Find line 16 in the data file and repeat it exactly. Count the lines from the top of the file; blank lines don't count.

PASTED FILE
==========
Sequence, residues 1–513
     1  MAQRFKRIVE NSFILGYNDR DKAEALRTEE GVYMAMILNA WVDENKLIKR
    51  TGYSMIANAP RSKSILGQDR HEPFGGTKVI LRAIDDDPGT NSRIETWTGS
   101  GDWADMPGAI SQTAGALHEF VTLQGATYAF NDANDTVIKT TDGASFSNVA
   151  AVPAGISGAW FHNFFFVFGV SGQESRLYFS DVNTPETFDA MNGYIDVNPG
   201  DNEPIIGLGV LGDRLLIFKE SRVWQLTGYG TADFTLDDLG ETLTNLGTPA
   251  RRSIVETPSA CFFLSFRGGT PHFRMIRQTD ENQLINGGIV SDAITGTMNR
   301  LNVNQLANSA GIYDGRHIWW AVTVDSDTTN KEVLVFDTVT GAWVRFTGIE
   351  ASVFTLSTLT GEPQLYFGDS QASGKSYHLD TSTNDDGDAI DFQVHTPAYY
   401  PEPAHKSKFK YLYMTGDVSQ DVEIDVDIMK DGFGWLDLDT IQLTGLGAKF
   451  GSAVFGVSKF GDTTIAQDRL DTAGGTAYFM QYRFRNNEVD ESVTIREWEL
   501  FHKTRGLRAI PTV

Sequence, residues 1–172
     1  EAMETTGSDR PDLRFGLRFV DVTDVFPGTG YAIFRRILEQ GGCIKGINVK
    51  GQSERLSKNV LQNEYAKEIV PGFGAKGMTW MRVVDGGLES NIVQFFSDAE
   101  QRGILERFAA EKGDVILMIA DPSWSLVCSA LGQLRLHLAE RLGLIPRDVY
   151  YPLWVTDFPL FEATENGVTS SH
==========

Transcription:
   101  QRGILERFAA EKGDVILMIA DPSWSLVCSA LGQLRLHLAE RLGLIPRDVY